Saturday, May 21, 2011

Pensacola Naval Air Museum -- The Early Years

We enjoyed our quick visit to the Pensacola Forts, but were eager to get to the Naval Air Museum just down the road. We had visited this museum about 10 years ago, but had heard that the museum was expanded and enhanced, so were curious to see it. The Naval Air museum is free to visit and spectacular. This plane greats you as you arrive and is a very early Curtis (1911) seaplane and was one of the first in naval service. The pilot sits out on the front edge of the wing and is completely exposed to the elements (and bugs!). At least he had a wonderful view.

When you entering the first gallery, you realize that there are aircraft everywhere! In fact, there are two collections -- one at floor level and the other suspended from the ceiling in flight mode. This picture shows some of the upper collection which you can see up close from the second floor balcony which runs all the way around the two main galleries. This yellow aircraft was called the "Yellow Peril" since as a basic trainer, it was a peril for the new flyer and all those around him.

Naval aviation started just after the Wright Brothers learned to fly in the early 1900's and there are many excellent early aircraft on display. One very interesting one is this JN4, Jenny made by Curtiss for training pilots during WWI. The really interesting facet of this plane is that it is in cut-away form so you can see how the plane is built. Constructed of wood and fabric, which was typical of the era, this plane is very much like the radio controlled models that Rick builds!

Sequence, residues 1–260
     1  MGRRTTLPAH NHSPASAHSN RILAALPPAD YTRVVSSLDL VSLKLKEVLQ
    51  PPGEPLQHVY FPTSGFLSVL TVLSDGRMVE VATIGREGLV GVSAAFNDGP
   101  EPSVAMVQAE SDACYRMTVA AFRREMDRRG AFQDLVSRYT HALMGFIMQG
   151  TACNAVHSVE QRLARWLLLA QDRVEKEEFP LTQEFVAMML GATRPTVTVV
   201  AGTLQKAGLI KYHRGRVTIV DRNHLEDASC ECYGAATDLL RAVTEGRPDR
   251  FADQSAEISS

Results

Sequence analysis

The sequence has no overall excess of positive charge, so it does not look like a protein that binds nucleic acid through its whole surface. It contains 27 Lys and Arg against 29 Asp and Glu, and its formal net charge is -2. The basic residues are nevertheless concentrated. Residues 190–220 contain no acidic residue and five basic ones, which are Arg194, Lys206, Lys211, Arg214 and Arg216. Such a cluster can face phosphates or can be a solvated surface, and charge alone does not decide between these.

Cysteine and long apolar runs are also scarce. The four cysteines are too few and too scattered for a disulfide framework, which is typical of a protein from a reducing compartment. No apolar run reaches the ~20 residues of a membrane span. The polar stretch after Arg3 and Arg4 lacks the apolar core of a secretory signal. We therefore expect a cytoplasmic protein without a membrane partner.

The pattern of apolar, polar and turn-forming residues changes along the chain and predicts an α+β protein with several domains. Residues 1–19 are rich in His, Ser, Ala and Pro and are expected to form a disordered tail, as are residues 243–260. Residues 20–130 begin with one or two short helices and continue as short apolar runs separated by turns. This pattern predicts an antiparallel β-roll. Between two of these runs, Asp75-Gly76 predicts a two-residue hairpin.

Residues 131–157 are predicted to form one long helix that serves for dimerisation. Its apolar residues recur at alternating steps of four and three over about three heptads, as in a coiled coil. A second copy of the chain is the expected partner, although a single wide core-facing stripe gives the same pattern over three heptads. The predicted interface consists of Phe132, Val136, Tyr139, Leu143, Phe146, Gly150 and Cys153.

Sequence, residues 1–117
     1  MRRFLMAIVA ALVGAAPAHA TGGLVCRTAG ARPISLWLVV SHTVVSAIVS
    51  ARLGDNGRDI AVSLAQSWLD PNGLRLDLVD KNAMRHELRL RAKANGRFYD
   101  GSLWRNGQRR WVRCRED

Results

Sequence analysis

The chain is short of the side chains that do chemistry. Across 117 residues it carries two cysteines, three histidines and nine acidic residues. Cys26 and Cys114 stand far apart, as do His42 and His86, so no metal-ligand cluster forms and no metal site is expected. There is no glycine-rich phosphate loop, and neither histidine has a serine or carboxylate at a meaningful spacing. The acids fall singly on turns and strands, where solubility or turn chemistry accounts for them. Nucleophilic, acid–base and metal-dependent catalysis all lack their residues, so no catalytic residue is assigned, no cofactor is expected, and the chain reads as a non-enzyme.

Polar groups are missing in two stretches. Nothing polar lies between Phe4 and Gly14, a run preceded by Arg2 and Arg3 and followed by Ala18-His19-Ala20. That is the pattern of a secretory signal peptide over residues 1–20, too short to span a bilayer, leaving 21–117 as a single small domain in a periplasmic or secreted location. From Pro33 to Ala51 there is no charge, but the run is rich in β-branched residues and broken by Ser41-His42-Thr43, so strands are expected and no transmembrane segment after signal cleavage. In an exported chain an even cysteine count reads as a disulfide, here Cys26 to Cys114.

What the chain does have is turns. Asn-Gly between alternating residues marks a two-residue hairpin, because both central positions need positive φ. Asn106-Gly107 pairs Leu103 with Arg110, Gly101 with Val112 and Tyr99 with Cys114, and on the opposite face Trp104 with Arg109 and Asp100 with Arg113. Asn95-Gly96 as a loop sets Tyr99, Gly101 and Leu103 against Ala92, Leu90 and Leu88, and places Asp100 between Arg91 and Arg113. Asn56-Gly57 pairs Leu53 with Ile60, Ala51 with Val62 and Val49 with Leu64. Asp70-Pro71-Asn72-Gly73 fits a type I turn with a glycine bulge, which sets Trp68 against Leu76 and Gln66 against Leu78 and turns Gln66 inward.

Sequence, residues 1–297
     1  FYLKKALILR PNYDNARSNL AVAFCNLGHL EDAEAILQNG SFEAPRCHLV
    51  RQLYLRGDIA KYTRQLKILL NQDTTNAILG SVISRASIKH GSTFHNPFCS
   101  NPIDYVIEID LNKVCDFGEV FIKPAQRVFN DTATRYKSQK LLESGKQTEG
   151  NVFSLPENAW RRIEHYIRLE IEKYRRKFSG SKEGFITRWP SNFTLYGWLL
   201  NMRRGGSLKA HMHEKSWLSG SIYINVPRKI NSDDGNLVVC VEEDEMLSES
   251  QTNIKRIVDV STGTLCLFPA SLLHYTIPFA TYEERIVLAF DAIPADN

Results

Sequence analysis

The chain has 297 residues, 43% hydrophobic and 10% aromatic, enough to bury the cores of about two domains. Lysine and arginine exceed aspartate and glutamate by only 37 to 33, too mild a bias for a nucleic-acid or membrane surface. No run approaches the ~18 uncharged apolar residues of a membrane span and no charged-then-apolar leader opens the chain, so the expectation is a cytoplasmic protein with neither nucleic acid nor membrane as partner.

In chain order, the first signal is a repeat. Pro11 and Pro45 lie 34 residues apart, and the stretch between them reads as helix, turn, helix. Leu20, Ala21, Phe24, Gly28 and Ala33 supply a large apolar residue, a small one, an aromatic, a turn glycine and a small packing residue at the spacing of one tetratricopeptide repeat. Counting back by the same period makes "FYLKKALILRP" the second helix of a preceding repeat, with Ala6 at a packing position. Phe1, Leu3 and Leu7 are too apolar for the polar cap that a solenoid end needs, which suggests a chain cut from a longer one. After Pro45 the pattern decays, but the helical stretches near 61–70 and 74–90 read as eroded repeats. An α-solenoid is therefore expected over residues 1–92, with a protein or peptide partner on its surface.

Here, Orinda checks out a French Nieuport 28, which was a front line fighter in WWI. It is interesting to compare this plane with the Curtiss seaplane above and then recall that only 6 years separate them. Aviation technology really moved forward at a rapid pace in the early days.

Speaking of hi-tech, this is a Liberty 12 cylinder engine which may have been America's biggest aviation contribution in WWI. Capable of generating an unheard of 400hp, it was designed and engineered in only 5 days. Over 20,000 of these were produced by the end of the war and they powered aircraft for many years into the future.

This amazing plane used the Liberty engine and was the first plane to fly across the Atlantic Ocean way back in 1919. Due to engine problems, weather, and other issues, it took 19 days for the crew to cross to Portugal from their base in Long Island. This Curtiss plane was built only 7 years after the frail original seaplane seen above -- this plane is huge in comparison and is powered by 4 - 400hp Liberty engines.

Here is an early seaplane that is a converted Camel fighter. This aircraft was used in WWI as well.

The Navy experimented with Dirigibles after WWI and one such ship was called the USS Akron. This huge lighter than air ship would have been very vulnerable to fighter attack, so this plane, the N2Y was developed to be carried inside the Akron and released to protect it. After flight, the N2Y would come back to the dirigible and connect to a trapeze device in flight and then be winched up into the airship. Akron carried 4 or 5 of these -- WOW -- think of an aircraft carrier in the sky. It was interested to read that "landing" one of these by hooking to the trapeze was very difficult --click here to see how this was done!


squawmama said...

It is one of the best Air Museums I think I have ever been to... And the price is just right! We spent hours there!
Have fun & Travel safe

Chuck and Anneke's RV travels said...

Nice tour!